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Darwin Correspondence Project

From Francis Galton   15 March 1870

42 Rutland Gate SW

March 15 70

My dear Darwin

Very many thanks for the information & books when I have got up the subject I will write again & will in the mean time, take all care of the books.1

I shall hope in a week from now to give you some news & by Saturday week definite facts about the rabbits. One litters or has littered today & all looks well with her. two others towards the end of the week, viz: Wedy. & Saturday.2

I grieve to say that my most hopeful one was confined prematurely by 3 days having made no nest & all we knew of the matter was finding blood about the cage & the head of one of the litter.

She was transfused from yellow & the buck also from yellow.— Well the head was certainly much lighter than the head of another abortion I had seen. & was certainly irregularly colored. being especially darker about the muzzle, but I did not & do not care to build anything about such vague facts. & have not even kept the head.

As soon as ever I know anything I will write instantly & first to you. For my part, I am quite sick with expectant hope & doubt.

Ever very sincerely | F. Galton

Footnotes

No letter from CD to Galton from this period has been found, but CD had been in London from 5 to 12 March (Emma Darwin’s diary (DAR 242)).
Galton was attempting to test CD’s hypothesis of pangenesis by transfusing the blood of one variety of rabbit into another and observing the colour of the offspring. See Correspondence vol. 17, letter from Francis Galton, 11 December 1869, and Galton 1871. According to CD’s hypothesis, each cell in an organism produced particles (gemmules) that were capable of generating new cells; the gemmules circulated throughout the organism until required, and then congregated in the right place in order to reproduce or in some cases reconstruct parts. Galton evidently assumed that all gemmules circulated in the blood, and that transfusion of blood would therefore result in the transferring of hereditary information from the donor to the recipient. For accounts of the experiments, see Pearson 1914–30, 2: 156–66, and Bulmer 2003, pp. 116–18.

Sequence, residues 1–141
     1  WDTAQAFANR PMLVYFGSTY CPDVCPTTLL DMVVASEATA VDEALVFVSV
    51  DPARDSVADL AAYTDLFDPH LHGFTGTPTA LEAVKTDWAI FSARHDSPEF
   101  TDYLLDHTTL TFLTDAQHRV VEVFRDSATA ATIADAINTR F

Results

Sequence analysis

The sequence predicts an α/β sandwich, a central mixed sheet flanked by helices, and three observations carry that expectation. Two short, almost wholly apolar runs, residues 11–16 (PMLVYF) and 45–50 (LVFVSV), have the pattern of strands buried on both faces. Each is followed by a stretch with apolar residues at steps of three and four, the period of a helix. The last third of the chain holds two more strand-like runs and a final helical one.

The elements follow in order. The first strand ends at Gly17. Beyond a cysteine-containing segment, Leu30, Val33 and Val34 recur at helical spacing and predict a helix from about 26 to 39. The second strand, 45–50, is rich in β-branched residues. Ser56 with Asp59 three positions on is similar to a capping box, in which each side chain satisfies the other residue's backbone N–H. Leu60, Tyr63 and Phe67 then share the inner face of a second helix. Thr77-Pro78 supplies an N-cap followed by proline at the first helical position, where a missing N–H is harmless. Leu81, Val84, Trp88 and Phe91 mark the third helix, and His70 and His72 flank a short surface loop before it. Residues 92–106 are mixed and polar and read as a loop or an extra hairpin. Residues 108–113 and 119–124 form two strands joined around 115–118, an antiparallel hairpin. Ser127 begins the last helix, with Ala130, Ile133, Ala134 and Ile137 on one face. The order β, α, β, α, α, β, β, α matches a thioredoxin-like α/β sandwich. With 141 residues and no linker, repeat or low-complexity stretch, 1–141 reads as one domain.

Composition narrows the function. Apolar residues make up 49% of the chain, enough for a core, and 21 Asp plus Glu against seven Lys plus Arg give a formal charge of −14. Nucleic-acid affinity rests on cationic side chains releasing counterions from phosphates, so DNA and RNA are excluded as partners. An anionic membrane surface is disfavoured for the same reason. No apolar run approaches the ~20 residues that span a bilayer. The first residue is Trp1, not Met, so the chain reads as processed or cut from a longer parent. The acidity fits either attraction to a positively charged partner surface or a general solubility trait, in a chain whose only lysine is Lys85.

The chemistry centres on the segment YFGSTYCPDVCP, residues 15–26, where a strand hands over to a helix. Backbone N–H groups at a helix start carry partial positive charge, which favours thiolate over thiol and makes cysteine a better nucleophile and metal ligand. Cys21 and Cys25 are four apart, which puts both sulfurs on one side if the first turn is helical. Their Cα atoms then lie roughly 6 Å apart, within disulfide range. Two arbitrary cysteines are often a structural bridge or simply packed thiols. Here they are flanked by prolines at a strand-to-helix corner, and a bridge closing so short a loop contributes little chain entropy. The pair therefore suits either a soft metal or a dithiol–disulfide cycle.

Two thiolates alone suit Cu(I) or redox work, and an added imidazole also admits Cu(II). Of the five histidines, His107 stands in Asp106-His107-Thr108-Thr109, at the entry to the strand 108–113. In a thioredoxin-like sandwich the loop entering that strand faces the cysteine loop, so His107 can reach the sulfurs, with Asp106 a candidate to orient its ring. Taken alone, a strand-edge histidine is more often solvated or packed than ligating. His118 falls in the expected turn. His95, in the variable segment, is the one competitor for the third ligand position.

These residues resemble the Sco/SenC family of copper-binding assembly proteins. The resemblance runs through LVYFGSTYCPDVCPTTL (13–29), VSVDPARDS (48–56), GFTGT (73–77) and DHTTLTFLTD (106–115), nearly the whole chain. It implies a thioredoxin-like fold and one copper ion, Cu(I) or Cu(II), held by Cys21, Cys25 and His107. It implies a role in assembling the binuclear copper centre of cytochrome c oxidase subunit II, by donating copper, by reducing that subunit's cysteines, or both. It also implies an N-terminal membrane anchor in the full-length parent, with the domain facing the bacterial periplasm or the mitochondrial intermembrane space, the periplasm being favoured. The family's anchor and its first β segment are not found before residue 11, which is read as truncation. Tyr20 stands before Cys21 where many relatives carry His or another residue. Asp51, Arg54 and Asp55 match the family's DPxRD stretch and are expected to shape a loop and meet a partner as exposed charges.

Bibliography

Bulmer, Michael. 2003. Francis Galton: pioneer of heredity and biometry. Baltimore: The Johns Hopkins University Press.

Correspondence: The correspondence of Charles Darwin. Edited by Frederick Burkhardt et al. 27 vols to date. Cambridge: Cambridge University Press. 1985–.

Galton, Francis. 1871. Experiments in pangenesis, by breeding from rabbits of a pure variety, into whose circulation blood taken from other varieties had previously been largely transfused. [Read 30 March 1871.] Proceedings of the Royal Society of London 19 (1870–1): 393–410.

Pearson, Karl. 1914–30. The life, letters and labours of Francis Galton. 3 vols. in 4. Cambridge: Cambridge University Press.

Summary

Interim report on the experiments with rabbits [to test Pangenesis].

Letter details

Letter no.
DCP-LETT-7133
From
Francis Galton
To
Charles Robert Darwin
Sent from
London, Rutland Gate, 42
Source of text
DAR 105: 5–6
Physical description
4pp

Please cite as

Darwin Correspondence Project, “Letter no. 7133,” accessed on 19 April 2021, https://www.darwinproject.ac.uk/letter/DCP-LETT-7133.xml

Also published in The Correspondence of Charles Darwin, vol. 18

letter